Issues with respect to CSA and Expert Committee Best Standard Proposals

A recent e mail exchange allowed me to briefly raise again some of my issues with the current proposed best interest standards; one of the held within the recent CSA consultation and the other in the recently released Expert Committee report .  I note my comments here mainly because they raise important issues that I have not previously emphasised.


I do not believe that there is an existing Best Interest Standard for personalised investment advice in Canada; the personalised investment advice relationship under dealing representative categories is not recognised under the securities act and regulation. 

If there is a best interest standard it applies to the responsibilities of the broker relationship with respect to the scope of the transaction relationship as per agency law.  A best interest standard for the provision of personalised investment advice should be a fiduciary standard and I note that there are many academic and legal references to the fiduciary duties of agents with regard to the lesser common law scope of agency.

To gain a better understanding of the scope of the current best interest standard, as stated by regulators like IIROC, you need to understand the historical legal precedents and regulation applying.

I elucidate here with respect to an element of my understanding: with respect to the historic of regulation and legislation.

There is nothing specific in the securities act, possibly because the basic common law duties of an agent are already covered and the act has its roots in regulating primarily transaction based relationships (Prof Deborah DeMott: “Basic unit of interaction in an agency relationship is not contract but instruction...”). 

Determining whether duties extend to the provision of personalised financial advice has hitherto been the realm of the courts, but the introduction of a best interest standard should have acknowledged, IMO, this duty for advisors (who represent themselves as providing these services) in statute (note no other jurisdiction that I have read has specifically attempted to distance their best interest standard from a fiduciary responsibility, indeed legislative intent has been that the best interest standard is a fiduciary duty – i.e. UK/Australia).  Instead regulators and expert committee have spent some time eviscerating these standards/principles of such responsibility.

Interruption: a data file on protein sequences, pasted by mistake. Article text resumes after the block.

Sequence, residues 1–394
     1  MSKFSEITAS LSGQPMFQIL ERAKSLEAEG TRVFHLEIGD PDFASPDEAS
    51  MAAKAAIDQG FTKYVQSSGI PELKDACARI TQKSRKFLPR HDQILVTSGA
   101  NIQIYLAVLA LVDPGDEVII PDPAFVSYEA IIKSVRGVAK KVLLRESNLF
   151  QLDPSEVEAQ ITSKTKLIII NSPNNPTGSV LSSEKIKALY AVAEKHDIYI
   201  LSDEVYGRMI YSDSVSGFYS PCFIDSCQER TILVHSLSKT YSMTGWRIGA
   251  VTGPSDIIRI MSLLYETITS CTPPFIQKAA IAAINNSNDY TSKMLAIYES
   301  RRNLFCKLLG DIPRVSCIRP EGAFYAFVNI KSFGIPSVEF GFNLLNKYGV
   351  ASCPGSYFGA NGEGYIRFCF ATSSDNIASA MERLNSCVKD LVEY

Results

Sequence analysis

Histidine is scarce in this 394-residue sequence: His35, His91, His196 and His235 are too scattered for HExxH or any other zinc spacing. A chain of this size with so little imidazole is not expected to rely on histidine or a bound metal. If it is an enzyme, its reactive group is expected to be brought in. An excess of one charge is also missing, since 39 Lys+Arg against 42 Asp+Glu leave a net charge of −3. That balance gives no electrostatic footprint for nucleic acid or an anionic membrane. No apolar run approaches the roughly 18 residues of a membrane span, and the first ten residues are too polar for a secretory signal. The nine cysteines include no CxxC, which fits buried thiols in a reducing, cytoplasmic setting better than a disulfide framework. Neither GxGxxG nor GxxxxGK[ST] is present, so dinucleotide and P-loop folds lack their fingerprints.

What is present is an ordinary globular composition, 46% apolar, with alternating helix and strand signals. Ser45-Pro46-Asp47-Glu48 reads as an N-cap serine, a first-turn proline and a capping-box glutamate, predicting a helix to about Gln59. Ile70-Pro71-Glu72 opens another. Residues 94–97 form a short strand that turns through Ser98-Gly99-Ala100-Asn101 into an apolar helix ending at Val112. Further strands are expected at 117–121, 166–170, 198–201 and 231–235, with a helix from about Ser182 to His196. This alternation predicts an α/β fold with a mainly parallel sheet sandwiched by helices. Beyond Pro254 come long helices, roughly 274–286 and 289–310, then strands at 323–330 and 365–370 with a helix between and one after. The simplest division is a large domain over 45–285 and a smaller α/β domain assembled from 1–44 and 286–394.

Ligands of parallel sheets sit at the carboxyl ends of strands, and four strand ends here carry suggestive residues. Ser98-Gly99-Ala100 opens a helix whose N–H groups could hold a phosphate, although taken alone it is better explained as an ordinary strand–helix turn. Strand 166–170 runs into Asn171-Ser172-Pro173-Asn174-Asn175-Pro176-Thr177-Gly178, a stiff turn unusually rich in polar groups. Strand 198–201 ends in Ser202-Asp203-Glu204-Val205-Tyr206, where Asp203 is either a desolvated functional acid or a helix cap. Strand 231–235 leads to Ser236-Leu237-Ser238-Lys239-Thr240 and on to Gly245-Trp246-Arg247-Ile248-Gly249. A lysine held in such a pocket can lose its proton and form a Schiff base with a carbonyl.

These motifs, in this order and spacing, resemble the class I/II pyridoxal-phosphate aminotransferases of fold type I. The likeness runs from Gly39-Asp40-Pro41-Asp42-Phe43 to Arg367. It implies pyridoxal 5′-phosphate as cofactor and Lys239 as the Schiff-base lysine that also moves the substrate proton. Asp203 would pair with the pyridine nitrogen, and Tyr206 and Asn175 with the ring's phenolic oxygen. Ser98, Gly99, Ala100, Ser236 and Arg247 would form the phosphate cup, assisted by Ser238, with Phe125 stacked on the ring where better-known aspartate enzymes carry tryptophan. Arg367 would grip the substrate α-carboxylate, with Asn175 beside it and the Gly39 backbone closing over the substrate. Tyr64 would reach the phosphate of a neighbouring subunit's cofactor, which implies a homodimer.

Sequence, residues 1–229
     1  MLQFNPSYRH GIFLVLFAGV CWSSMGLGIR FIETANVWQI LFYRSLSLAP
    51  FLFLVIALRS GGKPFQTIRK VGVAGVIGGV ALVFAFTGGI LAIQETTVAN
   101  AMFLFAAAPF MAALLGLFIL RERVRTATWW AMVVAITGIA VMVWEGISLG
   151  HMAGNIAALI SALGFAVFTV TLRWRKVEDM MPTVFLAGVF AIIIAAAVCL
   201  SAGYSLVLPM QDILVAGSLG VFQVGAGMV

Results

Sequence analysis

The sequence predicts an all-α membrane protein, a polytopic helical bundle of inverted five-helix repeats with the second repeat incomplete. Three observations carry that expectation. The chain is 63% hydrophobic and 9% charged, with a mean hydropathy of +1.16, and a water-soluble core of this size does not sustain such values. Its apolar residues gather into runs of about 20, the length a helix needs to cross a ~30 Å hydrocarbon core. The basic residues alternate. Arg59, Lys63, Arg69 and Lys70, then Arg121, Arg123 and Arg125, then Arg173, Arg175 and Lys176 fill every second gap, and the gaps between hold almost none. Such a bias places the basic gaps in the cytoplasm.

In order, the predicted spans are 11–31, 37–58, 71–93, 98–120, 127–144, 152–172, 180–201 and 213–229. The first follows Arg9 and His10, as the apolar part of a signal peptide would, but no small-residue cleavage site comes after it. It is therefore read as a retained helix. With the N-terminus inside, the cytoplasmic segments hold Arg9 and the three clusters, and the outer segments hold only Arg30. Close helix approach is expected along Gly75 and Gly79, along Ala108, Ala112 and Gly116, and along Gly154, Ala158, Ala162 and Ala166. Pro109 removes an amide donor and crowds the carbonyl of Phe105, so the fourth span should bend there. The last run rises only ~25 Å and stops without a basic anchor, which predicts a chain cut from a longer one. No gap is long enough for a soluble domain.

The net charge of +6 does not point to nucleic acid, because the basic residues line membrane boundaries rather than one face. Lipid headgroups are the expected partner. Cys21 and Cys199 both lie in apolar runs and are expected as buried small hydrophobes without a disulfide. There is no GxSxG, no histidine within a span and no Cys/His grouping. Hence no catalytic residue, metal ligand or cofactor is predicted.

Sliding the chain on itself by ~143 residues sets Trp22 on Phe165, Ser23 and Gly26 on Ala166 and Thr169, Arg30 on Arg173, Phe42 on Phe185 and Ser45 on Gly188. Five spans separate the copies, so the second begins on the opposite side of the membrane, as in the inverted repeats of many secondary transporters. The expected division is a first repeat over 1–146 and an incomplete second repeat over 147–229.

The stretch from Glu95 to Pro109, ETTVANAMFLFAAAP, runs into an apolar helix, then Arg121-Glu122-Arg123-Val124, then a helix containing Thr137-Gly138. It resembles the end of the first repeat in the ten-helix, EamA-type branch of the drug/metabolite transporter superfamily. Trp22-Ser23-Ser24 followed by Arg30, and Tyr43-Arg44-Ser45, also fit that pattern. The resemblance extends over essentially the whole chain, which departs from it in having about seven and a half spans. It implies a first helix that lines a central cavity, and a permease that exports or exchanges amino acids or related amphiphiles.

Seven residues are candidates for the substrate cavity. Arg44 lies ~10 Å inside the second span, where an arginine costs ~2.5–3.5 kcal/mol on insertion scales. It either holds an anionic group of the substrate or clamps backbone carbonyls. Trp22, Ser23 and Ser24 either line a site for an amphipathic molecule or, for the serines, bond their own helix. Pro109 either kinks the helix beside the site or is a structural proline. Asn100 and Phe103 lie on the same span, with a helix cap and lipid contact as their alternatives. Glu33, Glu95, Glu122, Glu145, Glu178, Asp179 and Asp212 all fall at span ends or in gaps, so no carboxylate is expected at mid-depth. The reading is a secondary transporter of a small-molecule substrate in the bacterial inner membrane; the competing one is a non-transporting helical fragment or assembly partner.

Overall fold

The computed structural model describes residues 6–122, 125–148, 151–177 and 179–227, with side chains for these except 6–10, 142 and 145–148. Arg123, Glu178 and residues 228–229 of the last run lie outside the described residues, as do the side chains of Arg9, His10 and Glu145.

The best interest standard IIROC et al are confusing, I believe, is with respect to the scope of the traditional client/broker relationship and other activities of the dealing registration and not that of the provision of personalised investment advice.

From Arthur Laby’s Fiduciary Obligations of Broker-Dealers and Investment Advisers

“under agency principles, one’s fiduciary duties are tied to the scope of one’s responsibilities…Under agency law, the extent of one’s fiduciary duty is limited by the scope of one’s agency. The scope of one’s agency depends in turn on the power that the principal has accorded the agent over the principal’s interests. Thus, in determining the nature of a broker’s fiduciary duty, one must analyze the broker’s power over the assets or affairs of the customer. This principle often is stated in the language of trust: a broker’s fiduciary duty is limited to matters relevant to the affairs entrusted to him or her”

“The court stated that the fiduciary relationship between a broker and its customer is limited to the narrow task of executing the transaction…generally speaking, in the case of a non-discretionary account, brokers are not held to fiduciary standards, except perhaps in the narrow task of executing a trade…Why then did some nineteenth and early twentieth century courts hold that brokers were fiduciaries? The reason had little to do with the advisory function performed today. Cases that labeled brokers as fiduciaries centered more on execution or custody-non-advisory-related services-than on the provision of advice. Today, however, cases addressing whether brokers are fiduciaries focus heavily on the broker’s advisory function. The question often presented is whether an investor has placed sufficient trust and confidence in the brokerage firm to justify the imposition of fiduciary obligations. The trust and confidence referred to, however, is trust and confidence in the broker’s advice.”

But, as we know the nature and scope of the actual relationship has changed, and thus has the fiduciary duty implied likewise shifted to the wider scope.  As Laby says, fiduciary duties are defined by the scope of the relationship, so to say that fiduciary duties are impractical with respect to Canadian retail financial services to a certain extent ignores the fact that they already likely apply but are restricted in scope.  This restriction in scope is to the benefit of the industry and to the detriment of the individual investor.